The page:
Legacy carriers will offer refunds to select flyers heading to areas affected by Zika virus.
[Update 1/28/16 10:10 a.m. PST, via Delta Air Lines: “Delta customers with current reservations who are concerned about traveling to destinations reported by the CDC to be affected by Zika Viral Illness may qualify for a change to alternate destinations, travel dates or a refund. Customers may make fee-waived changes to future reservations/tickets. However, changes need to be made by February 29, 2016.”]
Two American legacy carriers will offer refunds to travelers who are flying to areas that have been affected by the spread of the Zika virus. USA Today reports both American Airlines and United Airlines will offer travelers the option to defer or cancel trips to areas affected by the outbreak as identified by the Centers for Disease Control.
Earlier in January 2016, the CDC issued a travel alert due to the virus outbreak. As a result, over 20 popular destinations in Central and South America have been identified as areas with Zika virus transmission, including Brazil, Mexico, Puerto Rico and the U.S. Virgin Islands.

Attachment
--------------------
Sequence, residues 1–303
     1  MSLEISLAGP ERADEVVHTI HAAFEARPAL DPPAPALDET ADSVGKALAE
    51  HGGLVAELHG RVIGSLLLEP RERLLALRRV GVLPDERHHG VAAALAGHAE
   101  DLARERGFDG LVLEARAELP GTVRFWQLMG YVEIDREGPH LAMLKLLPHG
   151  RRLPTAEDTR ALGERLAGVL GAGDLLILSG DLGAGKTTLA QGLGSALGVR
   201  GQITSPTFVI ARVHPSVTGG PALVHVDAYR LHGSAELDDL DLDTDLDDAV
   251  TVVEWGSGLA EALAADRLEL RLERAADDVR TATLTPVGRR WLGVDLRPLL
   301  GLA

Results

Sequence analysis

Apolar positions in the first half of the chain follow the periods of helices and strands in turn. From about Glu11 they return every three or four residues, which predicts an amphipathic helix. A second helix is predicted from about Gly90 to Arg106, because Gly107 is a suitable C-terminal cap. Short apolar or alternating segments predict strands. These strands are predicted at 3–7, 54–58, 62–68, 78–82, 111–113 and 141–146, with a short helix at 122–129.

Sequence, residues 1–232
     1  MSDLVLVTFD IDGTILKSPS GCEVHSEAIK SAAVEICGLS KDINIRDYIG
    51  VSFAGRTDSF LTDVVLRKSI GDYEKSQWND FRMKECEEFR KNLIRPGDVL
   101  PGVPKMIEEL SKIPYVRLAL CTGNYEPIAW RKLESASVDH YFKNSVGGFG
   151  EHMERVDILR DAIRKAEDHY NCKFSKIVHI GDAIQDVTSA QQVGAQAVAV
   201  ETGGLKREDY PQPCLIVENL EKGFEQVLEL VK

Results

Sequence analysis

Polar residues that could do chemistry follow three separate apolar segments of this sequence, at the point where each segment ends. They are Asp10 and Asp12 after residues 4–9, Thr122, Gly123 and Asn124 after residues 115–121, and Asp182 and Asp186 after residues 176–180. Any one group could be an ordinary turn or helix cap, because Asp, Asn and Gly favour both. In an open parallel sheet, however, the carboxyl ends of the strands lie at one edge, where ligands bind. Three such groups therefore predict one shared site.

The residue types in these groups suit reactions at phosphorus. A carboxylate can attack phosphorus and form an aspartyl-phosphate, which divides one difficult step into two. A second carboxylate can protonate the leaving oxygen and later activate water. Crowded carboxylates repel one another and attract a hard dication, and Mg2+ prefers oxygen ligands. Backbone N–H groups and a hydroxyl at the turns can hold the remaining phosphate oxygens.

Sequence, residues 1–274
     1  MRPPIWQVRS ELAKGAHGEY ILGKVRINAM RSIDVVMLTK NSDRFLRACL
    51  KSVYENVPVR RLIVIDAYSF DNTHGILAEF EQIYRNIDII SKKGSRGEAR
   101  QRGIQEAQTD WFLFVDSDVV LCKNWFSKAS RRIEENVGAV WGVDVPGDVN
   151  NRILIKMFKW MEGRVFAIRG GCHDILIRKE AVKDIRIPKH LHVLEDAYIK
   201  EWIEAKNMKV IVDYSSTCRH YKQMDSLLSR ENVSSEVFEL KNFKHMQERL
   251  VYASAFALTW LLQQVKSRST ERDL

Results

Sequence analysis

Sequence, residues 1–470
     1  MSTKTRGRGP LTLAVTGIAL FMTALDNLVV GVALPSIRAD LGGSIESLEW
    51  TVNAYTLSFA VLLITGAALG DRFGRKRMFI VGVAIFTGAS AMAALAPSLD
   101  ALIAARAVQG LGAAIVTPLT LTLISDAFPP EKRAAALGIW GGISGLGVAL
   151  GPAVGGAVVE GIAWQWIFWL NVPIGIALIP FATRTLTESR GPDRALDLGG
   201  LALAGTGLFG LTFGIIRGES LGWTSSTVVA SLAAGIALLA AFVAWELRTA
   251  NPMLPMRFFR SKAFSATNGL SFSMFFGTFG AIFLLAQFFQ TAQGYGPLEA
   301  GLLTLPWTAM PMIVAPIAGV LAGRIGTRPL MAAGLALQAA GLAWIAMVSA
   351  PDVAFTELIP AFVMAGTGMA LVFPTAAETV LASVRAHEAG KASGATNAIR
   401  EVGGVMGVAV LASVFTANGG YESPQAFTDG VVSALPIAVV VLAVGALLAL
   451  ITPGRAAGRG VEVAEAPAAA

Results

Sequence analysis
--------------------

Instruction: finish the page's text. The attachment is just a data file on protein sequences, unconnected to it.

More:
A spokesperson for the carrier told USA Today they would offer options to those traveling to the areas affected by the outbreak. In a statement on their website, United advises flyers to contact their customer contact center in order to change an itinerary.
“We are offering customers who are traveling to the affected regions the opportunity to rebook at a later date or receive a full refund,” United spokesperson Charles Hobart told USA Today. “For travelers who feel they’re at risk, we’ll provide them with options.”
American Airlines is also offering travelers refunds or changes on their itineraries due to the Zika virus, but with many more restrictions. According to USA Today, the waivers will extend to travelers heading to select destinations, including Guatemala, Honduras and Panama. In order to receive a refund, flyers must provide the airline with a doctor’s note confirming a pregnancy.
Delta Air Lines is the only carrier among the three legacy airlines that is not currently offering changes for those flying to Central or South America. A spokesperson for the Atlanta-based airline told USA Today they will “monitor the situation closely,” but no waiver is currently in effect.